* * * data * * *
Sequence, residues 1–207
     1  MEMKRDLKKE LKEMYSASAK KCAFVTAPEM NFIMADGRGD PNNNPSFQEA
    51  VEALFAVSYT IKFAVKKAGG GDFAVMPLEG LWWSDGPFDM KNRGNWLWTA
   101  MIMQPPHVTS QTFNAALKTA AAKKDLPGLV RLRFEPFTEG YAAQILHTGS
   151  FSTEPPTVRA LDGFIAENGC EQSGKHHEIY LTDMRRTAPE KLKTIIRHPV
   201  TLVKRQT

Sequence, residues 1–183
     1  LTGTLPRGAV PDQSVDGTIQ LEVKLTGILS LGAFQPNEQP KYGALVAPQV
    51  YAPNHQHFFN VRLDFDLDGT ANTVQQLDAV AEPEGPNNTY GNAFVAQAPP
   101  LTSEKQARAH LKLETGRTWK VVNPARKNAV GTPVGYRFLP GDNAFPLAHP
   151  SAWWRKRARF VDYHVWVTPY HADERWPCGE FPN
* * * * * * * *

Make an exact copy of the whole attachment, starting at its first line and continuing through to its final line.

Sequence, residues 1–207
     1  MEMKRDLKKE LKEMYSASAK KCAFVTAPEM NFIMADGRGD PNNNPSFQEA
    51  VEALFAVSYT IKFAVKKAGG GDFAVMPLEG LWWSDGPFDM KNRGNWLWTA
   101  MIMQPPHVTS QTFNAALKTA AAKKDLPGLV RLRFEPFTEG YAAQILHTGS
   151  FSTEPPTVRA LDGFIAENGC EQSGKHHEIY LTDMRRTAPE KLKTIIRHPV
   201  TLVKRQT

Sequence, residues 1–183
     1  LTGTLPRGAV PDQSVDGTIQ LEVKLTGILS LGAFQPNEQP KYGALVAPQV
    51  YAPNHQHFFN VRLDFDLDGT ANTVQQLDAV AEPEGPNNTY GNAFVAQAPP
   101  LTSEKQARAH LKLETGRTWK VVNPARKNAV GTPVGYRFLP GDNAFPLAHP
   151  SAWWRKRARF VDYHVWVTPY HADERWPCGE FPN